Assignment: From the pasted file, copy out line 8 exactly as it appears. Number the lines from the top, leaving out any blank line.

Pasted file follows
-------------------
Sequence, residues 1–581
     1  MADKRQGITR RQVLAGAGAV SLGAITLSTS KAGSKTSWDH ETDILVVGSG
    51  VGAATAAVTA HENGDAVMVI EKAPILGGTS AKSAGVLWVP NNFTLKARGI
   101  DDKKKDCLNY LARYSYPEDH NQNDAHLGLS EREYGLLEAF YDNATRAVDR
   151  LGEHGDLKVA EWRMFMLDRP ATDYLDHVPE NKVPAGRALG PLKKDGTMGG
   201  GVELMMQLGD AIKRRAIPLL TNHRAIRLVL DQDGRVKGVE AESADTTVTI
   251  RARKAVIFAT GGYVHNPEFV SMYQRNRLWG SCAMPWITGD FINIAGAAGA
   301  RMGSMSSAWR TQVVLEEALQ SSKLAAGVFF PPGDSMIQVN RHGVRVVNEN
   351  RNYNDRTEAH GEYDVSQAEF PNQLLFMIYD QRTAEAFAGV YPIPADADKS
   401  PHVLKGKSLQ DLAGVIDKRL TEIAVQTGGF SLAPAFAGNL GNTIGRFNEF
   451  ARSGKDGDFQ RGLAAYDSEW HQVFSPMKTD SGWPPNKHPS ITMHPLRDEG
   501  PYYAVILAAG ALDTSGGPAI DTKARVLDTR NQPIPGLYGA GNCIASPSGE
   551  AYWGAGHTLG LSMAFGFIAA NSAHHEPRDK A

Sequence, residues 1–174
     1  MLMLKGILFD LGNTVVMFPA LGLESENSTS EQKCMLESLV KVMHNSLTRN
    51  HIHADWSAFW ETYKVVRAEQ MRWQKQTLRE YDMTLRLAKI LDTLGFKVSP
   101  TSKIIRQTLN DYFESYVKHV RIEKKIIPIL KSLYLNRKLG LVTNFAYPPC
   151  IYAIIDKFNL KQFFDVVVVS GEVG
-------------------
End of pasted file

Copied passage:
   301  RMGSMSSAWR TQVVLEEALQ SSKLAAGVFF PPGDSMIQVN RHGVRVVNEN